When you hear “Comcast Customer Service”, normally you think of “it sucks” either based on your past personal experience or based on horrifying stories you’ve read on the internet. It’s not a surprise that in 2014, Comcast was America’s least favorite company and for the second straight year in 2015, it topped the Hall of Shame as the company with the worst customer service. In fact, there is a dedicated subreddit for all disgruntled Comcast customers.
So when the time comes for you to contact Comcast’s Customer Service, you are already not looking forward to the call, and also have very low expectations for getting your issue resolved in a timely manner. But when you receive a totally unexpected “wow” and pleasant experience, you can’t resist but to share that experience and give credits to those have worked hard on changing a demoter like most of us to a promoter. And since I work at a company who provides software to large enterprises to deliver similar “wow” experiences to their customers, I had a special appreciation by being on the other side of the fence.
So here’s my experience –
A few days ago, we had an outage in our area for the Internet connection. Well, I didn’t know it was an area wide outage before I called Comcast Customer support. All I knew was — my internet connection wasn’t working after a couple of reboot cycles of the modem, router, etc. So eventually I called the 1–800-Comcast number.
Instantly after few rings, it detected me based on my phone number, and I didn’t have to go through the series of authentication and identification steps. I was ready to get served.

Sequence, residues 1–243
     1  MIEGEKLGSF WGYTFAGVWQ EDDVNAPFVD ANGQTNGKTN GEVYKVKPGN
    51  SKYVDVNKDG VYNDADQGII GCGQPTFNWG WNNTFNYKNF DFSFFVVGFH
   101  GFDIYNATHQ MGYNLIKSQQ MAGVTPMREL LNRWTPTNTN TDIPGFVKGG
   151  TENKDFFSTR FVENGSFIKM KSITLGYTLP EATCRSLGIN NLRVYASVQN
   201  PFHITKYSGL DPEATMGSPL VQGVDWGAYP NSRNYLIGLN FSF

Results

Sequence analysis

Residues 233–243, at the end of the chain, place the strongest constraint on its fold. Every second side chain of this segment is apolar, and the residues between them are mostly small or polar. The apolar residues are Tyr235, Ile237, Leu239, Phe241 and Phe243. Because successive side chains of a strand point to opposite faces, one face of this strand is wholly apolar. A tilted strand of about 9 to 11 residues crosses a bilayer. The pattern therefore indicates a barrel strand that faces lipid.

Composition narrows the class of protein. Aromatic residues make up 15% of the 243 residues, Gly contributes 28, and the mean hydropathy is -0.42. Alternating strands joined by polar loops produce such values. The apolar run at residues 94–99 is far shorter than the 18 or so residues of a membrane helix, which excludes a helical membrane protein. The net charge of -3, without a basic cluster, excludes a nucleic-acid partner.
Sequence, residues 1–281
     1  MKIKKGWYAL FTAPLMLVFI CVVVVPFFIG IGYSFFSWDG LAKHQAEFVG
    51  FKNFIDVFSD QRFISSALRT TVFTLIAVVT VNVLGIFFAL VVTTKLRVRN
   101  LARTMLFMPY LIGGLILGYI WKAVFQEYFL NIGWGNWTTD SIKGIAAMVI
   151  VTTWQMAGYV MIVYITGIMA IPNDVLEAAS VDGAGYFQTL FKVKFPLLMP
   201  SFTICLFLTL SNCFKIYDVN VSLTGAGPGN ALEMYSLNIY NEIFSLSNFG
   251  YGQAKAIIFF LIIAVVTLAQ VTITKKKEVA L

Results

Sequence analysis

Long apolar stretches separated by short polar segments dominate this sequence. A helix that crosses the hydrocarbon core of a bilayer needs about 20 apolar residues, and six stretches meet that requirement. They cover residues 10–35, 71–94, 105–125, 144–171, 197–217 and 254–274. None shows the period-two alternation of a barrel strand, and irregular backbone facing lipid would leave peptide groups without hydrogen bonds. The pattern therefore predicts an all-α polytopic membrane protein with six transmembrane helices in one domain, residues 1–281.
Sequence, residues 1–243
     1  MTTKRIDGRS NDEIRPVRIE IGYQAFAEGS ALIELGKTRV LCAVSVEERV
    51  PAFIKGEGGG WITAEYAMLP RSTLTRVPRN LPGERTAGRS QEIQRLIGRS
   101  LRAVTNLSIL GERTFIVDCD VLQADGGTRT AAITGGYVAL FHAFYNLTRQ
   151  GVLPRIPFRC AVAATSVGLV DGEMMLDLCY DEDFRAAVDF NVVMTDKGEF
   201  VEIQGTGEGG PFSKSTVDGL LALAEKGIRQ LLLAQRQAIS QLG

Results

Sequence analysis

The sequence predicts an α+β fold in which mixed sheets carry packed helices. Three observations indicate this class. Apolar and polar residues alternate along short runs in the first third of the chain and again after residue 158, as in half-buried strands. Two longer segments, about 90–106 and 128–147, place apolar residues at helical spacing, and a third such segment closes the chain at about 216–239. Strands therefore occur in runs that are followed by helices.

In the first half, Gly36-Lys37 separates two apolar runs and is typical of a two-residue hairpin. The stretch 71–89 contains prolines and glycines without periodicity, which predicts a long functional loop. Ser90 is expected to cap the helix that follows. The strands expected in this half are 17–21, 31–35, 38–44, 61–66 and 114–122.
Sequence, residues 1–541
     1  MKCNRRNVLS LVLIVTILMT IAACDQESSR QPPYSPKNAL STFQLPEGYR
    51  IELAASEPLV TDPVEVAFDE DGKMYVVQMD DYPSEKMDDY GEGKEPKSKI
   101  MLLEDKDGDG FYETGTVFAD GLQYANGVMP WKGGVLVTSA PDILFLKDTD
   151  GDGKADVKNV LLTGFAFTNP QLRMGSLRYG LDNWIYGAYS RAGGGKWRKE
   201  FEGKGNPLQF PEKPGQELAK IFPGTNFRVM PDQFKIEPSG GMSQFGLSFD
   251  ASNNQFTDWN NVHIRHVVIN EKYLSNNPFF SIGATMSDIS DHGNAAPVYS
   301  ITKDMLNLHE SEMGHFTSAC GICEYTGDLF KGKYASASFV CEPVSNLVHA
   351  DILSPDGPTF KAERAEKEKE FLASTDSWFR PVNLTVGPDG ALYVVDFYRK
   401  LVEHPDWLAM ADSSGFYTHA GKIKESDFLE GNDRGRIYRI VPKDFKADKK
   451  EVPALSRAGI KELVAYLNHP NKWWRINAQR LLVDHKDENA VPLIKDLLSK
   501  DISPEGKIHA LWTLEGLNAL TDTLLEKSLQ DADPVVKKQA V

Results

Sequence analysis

Proactive reminder of a pending task
The moment I was authenticated, the automated IVR (Interactive Voice Response) system proactively reminded me that I need to upgrade my modem. All I need to do is to visit the nearest Comcast location and receive a newer modem.
Natural language interaction
After that reminder, the next prompt was — “How can I help you?”. It didn’t ask me to listen to all menu options, and then let me figure out in which category of their menus does my problem fit, and then keep pressing respective numbers to traverse through menu tree to reach to the destination option I need! There was no such crap! It was a free flow open interface — just talk what your problem is in natural language — the way you would normally talk with a human agent.
I said that “my internet is not working”. That’s it. And it figured out what my intent was, and offered me the right treatment.
Once their automated IVR system understood what my intent of call was, then it immediately prompted my address and zip code and asked me to confirm if I’m calling about that region. I confirmed “Yes”.
Then it informed me that there is a known outage in that area, and their technicians are looking into it. They expect to resolve the issue very soon.
Empathic user experience
While they explained to me that the technicians are working on resolving an outage, I was still wondering, but how long shall I wait? While I was just thinking about it, the automated IVR system asked me — if I would like to receive an SMS update on my phone about when the outage will be resolved? I confirmed “Yes”.
Then it prompted my mobile number and asked to confirm if it should send me an update on that number. I confirmed “Yes”. That’s it. In the end, it greeted me well and said it would update me as soon as the issue is resolved.
Roughly about 30 minutes, I received a text from Comcast that the outage issue is resolved and I should have my internet connectivity back. And sure it was! No refreshing of webpages in browser to see if the internet is back. The automated system informed me as soon it was available.
And I was a delighted customer! It was a complete self-service experience across many different topics, and I did not have to talk to a human agent once. I certainly had many “wow” moments during the entire interaction and post interaction. Obviously you can see that as I wrote a whole blog post about it!
I wish they continue to bring this kind of experience to other common issues their customers are facing, and I’m sure one by one these disgruntled customers would turn into their promoters!
Originally published at aditya.kothadiya.com on September 13, 2015.